Sunday, January 30, 2005


More Reasons to Avoid Surgery...Provided by Hospitals Themselves

If you've ever had doubts about undergoing surgery, here are two more reasons to make you think twice. Or thrice.

1. Seven cataract patients at a Barberton, OH, hospital were blinded when doctors mixed up the eye solutions used during surgery. Seems that an eye wash intended only for use on the outside of the eye was instead used to irrigate the inside of the eye during the actual cataract procedure. The patients are suing. That's from the Jan. 24 issue of Outpatient Surgery Weekly E-Weekly newsletter.

2. The same newsletter tells of another fluid mixup at Durham Regional Hospital and Duke Health Raleigh Hospital in North Caroline. Seems that someone mixed up the drums that contain detergent and hydraulic fluid, and operating-room staff ended up washing the instruments used during surgery in hydraulic fluid instead of the detergent. The hospital had to send letters to 4,000 patients who were treated during the time of the "liquid mix-up."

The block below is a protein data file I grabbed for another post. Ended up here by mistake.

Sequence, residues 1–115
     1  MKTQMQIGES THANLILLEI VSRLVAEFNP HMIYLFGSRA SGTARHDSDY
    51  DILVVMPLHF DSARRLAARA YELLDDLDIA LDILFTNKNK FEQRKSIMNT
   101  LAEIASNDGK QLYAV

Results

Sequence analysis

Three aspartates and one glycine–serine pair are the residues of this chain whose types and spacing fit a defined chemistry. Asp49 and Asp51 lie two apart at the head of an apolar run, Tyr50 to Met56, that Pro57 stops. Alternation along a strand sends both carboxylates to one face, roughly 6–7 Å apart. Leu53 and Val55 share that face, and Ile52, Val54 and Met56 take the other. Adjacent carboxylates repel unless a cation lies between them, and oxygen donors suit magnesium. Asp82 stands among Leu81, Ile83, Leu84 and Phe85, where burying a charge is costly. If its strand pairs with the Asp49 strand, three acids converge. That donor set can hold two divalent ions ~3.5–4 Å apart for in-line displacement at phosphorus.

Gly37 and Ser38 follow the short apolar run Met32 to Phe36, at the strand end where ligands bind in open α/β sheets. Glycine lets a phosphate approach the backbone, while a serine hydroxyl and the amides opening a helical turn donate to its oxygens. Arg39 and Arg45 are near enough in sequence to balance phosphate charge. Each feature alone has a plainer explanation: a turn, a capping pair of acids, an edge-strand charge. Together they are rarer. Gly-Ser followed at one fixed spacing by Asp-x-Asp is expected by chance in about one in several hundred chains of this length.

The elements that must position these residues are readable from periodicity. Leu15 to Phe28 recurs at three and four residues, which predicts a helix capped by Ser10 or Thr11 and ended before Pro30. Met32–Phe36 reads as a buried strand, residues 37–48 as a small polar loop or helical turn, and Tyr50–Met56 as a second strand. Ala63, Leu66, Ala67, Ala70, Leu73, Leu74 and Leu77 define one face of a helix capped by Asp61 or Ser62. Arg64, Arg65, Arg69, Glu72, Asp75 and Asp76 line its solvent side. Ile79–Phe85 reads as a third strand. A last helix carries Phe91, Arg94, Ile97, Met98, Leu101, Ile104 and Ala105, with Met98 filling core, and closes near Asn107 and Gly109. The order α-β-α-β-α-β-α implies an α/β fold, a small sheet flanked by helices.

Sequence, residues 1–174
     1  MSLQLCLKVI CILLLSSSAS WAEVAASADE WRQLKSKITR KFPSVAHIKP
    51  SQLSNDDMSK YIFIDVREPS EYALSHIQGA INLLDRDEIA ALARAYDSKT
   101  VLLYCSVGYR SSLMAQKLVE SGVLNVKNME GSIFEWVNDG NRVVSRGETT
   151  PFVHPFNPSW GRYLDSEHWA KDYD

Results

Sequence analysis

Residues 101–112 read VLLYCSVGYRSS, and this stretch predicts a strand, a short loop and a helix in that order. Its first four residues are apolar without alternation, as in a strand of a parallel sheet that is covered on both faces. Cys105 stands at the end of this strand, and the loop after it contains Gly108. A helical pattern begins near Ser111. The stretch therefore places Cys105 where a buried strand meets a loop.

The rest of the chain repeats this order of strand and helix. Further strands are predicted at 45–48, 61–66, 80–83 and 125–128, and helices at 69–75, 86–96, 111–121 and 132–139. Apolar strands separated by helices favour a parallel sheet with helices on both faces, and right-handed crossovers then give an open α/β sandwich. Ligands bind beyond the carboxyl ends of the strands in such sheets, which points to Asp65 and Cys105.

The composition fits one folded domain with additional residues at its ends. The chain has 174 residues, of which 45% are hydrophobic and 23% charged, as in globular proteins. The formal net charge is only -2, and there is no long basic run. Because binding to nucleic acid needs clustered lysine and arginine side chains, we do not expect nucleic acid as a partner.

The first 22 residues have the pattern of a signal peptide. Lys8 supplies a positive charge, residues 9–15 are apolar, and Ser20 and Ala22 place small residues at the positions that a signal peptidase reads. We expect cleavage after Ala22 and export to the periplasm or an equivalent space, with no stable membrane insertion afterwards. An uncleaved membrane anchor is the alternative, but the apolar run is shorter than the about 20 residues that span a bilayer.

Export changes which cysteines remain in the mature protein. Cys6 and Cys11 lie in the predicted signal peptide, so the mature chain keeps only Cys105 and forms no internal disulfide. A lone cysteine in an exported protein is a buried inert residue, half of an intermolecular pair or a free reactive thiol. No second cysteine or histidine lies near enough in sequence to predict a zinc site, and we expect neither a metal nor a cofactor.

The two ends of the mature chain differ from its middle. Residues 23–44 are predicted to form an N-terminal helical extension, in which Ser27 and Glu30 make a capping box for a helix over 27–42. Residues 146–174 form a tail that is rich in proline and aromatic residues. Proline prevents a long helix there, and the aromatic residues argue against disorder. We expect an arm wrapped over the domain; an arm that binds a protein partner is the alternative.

If there's a lesson to be learned, it's this: do as much research about any hospital or surgical suite before you sign a consent form. Information is often hard to come by, but state medical boards and some federal agencies do keep statistics about complaints, problems, lawsuits and the like.

Better yet, ask the people who WORK there this very simple question: If YOU were going to have surgery, where would YOU have it done? And which surgeon would you choose to do it? People who work in hospitals tend to have the inside scoop on who's good, who's not and who's just plain incompetent. They might not be able to tell you outright who's good and who's not, but their answers to those two simple questions -- where and who? -- will at least tell you if you're hot or cold.

A Novel Idea for Funding Health-Care: Just as I posted the information above, today's edition of Outpatient Surgery brought this update on state initiatives to fund health-care programs by taxing cosmetic surgery. "Lawmakers in Washington State are considering a 6.5% sales tax on cosmetic surgery and Botox injections to fund poor children's health insurance. In Illinois, the state comptroller has proposed a 6% tax on cosmetic surgery to create a stem cell research institute. New Jersey in September became the first -- and so far the only -- state to tax cosmetic surgery, at 6%."

Way to go, New Jersey!

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